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Focusing on input: Listening

When you first listen to new content, not only you need to get used to the sounds, but also to get a sense for the rhythm.

Don’t worry if you don’t understand all of it. Listen a few times without reading the text or script. 

Then read the text carefully, look up new words in a dictionary, and save new words and phrases to a list for later review.

Even after you basically understand a certain text, you need to listen, over and over, to make this content part of your subconscious. You may have to read the text again and you will certainly review the new words and phrases many times. But mostly you should listen.

Especially in the early stages, focus on a small amount of content and get used to it, rather than trying to listen to constantly changing content.

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By listening to the same content repeatedly you will get better at hearing where one word or phrase ends and the next one begins.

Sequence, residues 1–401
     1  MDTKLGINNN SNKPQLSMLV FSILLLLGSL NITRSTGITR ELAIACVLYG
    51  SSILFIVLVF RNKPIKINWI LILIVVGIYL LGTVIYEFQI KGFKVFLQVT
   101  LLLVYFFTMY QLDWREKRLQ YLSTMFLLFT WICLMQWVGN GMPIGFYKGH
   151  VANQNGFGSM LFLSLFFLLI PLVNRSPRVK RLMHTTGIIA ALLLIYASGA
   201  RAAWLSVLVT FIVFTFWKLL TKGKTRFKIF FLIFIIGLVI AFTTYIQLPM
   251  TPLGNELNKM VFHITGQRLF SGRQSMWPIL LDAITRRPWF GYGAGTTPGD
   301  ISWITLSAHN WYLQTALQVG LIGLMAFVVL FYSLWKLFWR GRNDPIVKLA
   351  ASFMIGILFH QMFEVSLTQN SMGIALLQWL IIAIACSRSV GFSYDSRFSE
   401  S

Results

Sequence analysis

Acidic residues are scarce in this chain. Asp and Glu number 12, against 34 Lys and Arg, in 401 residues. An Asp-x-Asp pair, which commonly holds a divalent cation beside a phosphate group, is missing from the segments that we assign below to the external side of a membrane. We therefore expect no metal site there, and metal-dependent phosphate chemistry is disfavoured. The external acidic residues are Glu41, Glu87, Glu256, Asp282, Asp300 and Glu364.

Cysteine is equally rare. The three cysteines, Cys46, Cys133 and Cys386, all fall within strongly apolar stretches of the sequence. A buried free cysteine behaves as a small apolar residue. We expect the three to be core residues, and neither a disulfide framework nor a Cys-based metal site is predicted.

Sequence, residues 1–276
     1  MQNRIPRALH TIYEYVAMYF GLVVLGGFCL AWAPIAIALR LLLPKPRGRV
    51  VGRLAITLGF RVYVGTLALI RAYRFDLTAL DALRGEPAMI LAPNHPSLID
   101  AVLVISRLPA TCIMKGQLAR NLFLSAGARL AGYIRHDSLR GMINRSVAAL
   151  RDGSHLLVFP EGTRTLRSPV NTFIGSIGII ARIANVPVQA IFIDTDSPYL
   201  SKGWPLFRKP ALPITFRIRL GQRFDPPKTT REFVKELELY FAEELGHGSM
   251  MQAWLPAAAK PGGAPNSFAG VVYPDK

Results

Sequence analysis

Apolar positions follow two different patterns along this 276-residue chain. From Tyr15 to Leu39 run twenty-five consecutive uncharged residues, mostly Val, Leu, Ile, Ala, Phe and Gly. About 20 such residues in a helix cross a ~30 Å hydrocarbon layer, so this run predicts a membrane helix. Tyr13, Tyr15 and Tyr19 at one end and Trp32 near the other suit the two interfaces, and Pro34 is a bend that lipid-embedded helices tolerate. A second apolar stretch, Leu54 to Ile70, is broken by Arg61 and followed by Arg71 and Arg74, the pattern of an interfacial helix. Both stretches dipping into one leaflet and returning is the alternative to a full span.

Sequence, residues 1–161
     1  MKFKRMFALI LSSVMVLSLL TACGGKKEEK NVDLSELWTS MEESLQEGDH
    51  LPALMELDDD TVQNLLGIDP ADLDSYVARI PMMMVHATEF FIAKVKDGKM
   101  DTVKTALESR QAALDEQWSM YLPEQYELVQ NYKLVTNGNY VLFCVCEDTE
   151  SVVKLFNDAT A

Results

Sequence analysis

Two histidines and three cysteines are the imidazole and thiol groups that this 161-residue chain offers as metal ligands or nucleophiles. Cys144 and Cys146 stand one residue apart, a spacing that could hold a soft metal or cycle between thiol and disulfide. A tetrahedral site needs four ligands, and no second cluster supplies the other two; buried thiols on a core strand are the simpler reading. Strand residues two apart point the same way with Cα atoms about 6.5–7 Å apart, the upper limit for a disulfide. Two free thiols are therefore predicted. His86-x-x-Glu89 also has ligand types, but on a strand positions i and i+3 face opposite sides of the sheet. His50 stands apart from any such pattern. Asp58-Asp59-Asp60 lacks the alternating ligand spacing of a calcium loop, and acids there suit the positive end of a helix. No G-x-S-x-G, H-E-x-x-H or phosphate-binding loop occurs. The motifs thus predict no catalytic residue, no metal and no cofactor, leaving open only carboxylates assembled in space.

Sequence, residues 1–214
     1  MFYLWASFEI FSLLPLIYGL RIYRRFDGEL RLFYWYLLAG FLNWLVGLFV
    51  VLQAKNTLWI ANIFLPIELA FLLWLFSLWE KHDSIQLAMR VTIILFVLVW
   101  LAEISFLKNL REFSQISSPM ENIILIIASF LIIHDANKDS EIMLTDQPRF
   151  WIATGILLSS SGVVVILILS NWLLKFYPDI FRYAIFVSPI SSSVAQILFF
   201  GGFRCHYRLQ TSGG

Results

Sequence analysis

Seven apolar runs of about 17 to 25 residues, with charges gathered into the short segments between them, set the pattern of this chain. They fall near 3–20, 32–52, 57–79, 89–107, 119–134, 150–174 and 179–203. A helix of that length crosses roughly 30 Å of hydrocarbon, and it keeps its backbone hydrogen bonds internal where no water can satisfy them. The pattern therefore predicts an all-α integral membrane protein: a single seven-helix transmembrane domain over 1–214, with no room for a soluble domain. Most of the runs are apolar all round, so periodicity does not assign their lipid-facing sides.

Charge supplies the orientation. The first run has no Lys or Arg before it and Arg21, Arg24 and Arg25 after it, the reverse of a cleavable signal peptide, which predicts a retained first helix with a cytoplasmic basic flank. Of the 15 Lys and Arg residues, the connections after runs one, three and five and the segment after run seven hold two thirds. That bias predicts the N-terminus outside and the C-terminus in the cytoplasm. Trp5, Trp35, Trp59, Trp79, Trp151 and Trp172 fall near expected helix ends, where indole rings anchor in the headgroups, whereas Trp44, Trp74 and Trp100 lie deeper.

You will also start to recognize familiar words when you listen to new content. Let the phrases ring in your mind even after you stop listening.

Repeat certain phrases out loud. Try to imitate the correct pronunciation.

Repetitive listening is like physical training. You are training your mind to process the new language. Short, frequent listening sessions can be better than fewer longer sessions. 

Try to listen for one hour a day, broken into short segments of ten to thirty minutes at a time.

Modern audiovisual learning materials such as computer assisted interactive games or other tests and quizzes create artificial learning environments. 

Most people don’t enjoy being tested on their comprehension of what they are listening to. 

People naturally resist questions that force them to try to remember what they hear. It’s preferred to listen again, or to listen to new material, or to engage in a general conversation on the subject of your listening. 

Natural communication is a more effective way to learn.

Listening is real communication. When you are listening, you are absorbed in a pure language environment. 

You have to use the sounds of the language to imagine the meaning. 

Repetitive listening is an ideal learning environment, as long as you choose content of interest to you, content that you want to understand. 

You should build up an ever-expanding library of such material as part of a lifelong language learning strategy.

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